Gary Lineker calls out Tory MP's ‘dangerously provocative’ comments about him

Tory MP Jonathan Gullis suggested Gary Lineker called northern voters 'racist bigots', which the MOTD presenter described as 'outrageous'. Credit: PA

Gary Lineker has described a Tory MP's accusations that he called northern voters “racist bigots” as “outrageous and dangerously provocative”.

The recently reinstated Match Of The Day host took to Twitter once again - this time in response to comments made by Conservative MP Jonathan Gullis.

During an interview with Channel 4 News, the MP for Stoke-on-Trent North said he was not concerned about upsetting members of the “Twitterati” when defending the government's controversial small boats legislation.

Speaking about the policy, Mr Gullis said: “(It’s) certainly tough and upset all the right people in the right places as far as I’m concerned...

“Let’s be clear, when I talk about upsetting people I’m talking about the Twitterati, the Wokerati of North Islington, those champagne socialists who pontificate all day.

“Those are the people I don’t care upsetting, because those are the people who want to call people up here racist bigots, Nazis, like Gary Lineker has done.

Sharing the clip, a Twitter user wrote: “I don’t think Gary Lineker has actually directly called Red Wall voters ‘Nazis’ Mr Gullis.”

Lineker retweeted the user's comment and wrote: “No he hasn’t and never would. This is outrageous and dangerously provocative.”

It comes after BBC director-general Tim Davie announced that Lineker would be returning to present Match Of The Day on Saturday.

Mr Davie apologised for the recent impartiality row, sparked by one of the presenter’s previous tweets, and announced a review of social media guidelines at the broadcaster.

Lineker “will abide by the editorial guidelines” until a review of the BBC’s social media policy is complete, Mr Davie said.

The row was sparked after Lineker was taken off air for a tweet comparing the language used to launch a new Government asylum seeker policy to that of 1930s Germany.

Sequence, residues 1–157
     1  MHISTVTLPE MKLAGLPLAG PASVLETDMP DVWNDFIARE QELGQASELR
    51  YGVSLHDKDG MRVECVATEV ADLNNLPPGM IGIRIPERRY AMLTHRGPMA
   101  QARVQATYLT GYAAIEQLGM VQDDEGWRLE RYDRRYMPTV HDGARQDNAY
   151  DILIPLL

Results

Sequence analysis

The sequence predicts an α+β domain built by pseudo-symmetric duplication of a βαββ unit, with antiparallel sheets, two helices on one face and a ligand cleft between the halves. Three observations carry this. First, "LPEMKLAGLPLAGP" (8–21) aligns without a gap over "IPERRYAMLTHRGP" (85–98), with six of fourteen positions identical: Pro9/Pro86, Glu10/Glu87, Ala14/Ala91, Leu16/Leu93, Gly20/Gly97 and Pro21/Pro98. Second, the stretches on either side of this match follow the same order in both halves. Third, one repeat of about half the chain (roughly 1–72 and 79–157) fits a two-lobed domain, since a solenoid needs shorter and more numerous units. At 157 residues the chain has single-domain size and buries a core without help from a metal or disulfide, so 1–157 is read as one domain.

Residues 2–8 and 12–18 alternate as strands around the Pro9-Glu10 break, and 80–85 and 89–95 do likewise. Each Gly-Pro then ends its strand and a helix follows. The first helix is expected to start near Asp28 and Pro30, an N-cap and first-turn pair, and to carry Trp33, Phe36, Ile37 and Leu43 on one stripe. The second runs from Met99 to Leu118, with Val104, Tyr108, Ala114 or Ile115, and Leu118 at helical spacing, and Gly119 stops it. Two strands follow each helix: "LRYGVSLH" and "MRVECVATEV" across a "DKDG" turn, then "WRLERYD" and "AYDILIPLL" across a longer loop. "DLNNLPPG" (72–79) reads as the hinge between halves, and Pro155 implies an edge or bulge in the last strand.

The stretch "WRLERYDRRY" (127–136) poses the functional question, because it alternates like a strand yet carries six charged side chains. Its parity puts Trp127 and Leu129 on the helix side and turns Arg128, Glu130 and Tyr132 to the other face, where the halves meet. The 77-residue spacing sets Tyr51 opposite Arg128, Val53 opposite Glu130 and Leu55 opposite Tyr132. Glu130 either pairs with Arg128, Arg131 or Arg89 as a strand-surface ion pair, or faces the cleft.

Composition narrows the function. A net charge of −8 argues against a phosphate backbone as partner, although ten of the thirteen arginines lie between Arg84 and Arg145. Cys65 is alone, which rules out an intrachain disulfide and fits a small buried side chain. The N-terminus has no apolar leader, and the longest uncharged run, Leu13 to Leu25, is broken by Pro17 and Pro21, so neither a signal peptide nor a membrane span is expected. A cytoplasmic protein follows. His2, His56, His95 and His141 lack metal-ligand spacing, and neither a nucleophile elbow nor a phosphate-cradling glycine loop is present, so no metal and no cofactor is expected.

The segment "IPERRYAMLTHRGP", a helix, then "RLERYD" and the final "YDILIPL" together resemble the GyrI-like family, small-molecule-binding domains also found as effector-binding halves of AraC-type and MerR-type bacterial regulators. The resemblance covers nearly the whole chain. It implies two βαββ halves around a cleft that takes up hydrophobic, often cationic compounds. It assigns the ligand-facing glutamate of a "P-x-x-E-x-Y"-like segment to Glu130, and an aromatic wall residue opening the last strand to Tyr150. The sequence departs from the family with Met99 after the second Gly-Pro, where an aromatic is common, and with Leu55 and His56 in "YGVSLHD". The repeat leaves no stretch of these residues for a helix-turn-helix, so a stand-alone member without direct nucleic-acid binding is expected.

BBC Director-General Tim Davie announced a review of social media guidelines after the row Credit: Richard Kendal/RTS/PA

He was subsequently asked to “step back” from the popular football highlights show, prompting a boycott by his fellow MOTD pundits and commentators.

Fellow MOTD pundit Ian Wright - who didn't appear on MOTD in a show of "solidarity" - said managers at the BBC caused a “hot mess” at the weekend after asking Lineker to step away.

Speaking on his podcast, Wrighty’s House, Wright described the fallout as a “perfect distraction from what really matters”.

The former Arsenal player, Ian Wright, said 'heads have got to roll' over the BBC's handling of the Lineker row. Credit: PA

He said: “For me, they made a hot mess. I’m telling you, this is all from high up. I can’t blame my man Philip Bernie (head of BBC TV Sport), the BBC Sports team. All of this is over a tweet."

“At some stage surely, heads have got to roll… The mismanagement levels of this is - I can’t even tell you - but it’s done. Everybody knows how I feel about it," added Wright.

“I’m just pleased that it’s kind of come to something.”

It is understood that earlier on Tuesday employees at the BBC were invited to lunchtime sessions in Salford so Mr Davie and chief content officer Charlotte Moore could “hear from staff, take questions and reflect on the events of the last few days”.

Meanwhile, Ofcom chief executive Dame Melanie Dawes also told a Digital, Culture, Media and Sport Committee meeting that the past week had been a “really difficult episode for the BBC” but that she hoped “they can find their way through it”.

Since the row, Lineker has changed his Twitter profile picture to a photo of himself next to a George Orwell quote, which is written on the wall outside of the BBC.

“If liberty means anything at all, it means the right to tell people what they do not want to hear,” the quote reads.

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